4 Ways to Improve Workplace Safety

Thousands of people are injured and killed each year by workplace accidents. The most regrettable thing is that many of these incidents are completely preventable. If you’d like to beat the odds, weaken the statistics and improve the general safety of your employees, here are just four things to consider when it comes to workplace safety.

1. Get Certified

The specifics of this will depend on your industry, but there’s always something that can be learned or implemented when it comes to safety on the job. For example, if your employees work with dangerous chemicals or hazardous waste, you can enroll them in hazmat classes. If they use heavy machinery in a construction zone, you can get them certified in things like forklift operation.

2. Don’t Cut Corners

This is probably one of the biggest causes of workplace accidents. Instead of properly following the regulations and policies of the job, employees are allowed and even encouraged to cut corners in an effort to speed things up or save money. Don’t make this mistake in your own workplace! Stress to your employees that they’ll never get in trouble for causing delays when following protocol.

3. Wear the Right Gear

This is another piece of advice that can go in different directions depending on your industry, so you’ll need to do some research to figure out the specifics. Start with OSHA guidelines to see what kind of safety gear is officially recommended for your profession. The list might include any of the following:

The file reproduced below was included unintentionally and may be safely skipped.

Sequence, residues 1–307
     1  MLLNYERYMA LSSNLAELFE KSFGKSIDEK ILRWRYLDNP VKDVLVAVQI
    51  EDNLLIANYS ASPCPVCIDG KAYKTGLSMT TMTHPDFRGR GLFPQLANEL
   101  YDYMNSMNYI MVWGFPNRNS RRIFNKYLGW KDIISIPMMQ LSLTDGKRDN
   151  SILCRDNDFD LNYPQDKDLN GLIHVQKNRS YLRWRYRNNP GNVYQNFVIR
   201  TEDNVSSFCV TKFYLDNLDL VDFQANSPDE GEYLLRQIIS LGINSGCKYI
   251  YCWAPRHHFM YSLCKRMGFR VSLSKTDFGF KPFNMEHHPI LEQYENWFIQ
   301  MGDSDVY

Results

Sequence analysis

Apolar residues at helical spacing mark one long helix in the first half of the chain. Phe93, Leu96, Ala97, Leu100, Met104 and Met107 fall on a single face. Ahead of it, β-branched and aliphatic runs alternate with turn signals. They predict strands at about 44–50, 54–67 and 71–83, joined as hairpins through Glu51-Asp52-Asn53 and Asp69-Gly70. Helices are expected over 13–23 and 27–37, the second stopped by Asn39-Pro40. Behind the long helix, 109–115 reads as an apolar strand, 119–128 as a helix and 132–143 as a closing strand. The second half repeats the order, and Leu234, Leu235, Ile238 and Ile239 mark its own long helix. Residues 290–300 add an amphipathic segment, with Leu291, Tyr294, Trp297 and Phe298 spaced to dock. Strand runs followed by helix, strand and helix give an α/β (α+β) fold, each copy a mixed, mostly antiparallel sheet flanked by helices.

– Goggles
– Helmets
– Gloves
– Gas masks
– Special uniforms
– No-slip shoes or boots

4. Listen to Complaints

If your employees are telling you that something is slow, damaged, dangerous or likely to cause an accident, it’s critically important that you don’t brush off their concerns. Not only is their personal safety at risk from unsafe conditions, but as their employer, you could be liable for any injuries that occur on your property. This is especially true if the employee can prove negligence in the form of “I told my boss about the danger, but he didn’t listen to me.”

These are just a few tips for improving workplace safety. Whether you’re a construction supervisor hoping to prevent accidents or just an office manager looking to increase your department’s personal safety statistics, let these guidelines lead you in a better direction.

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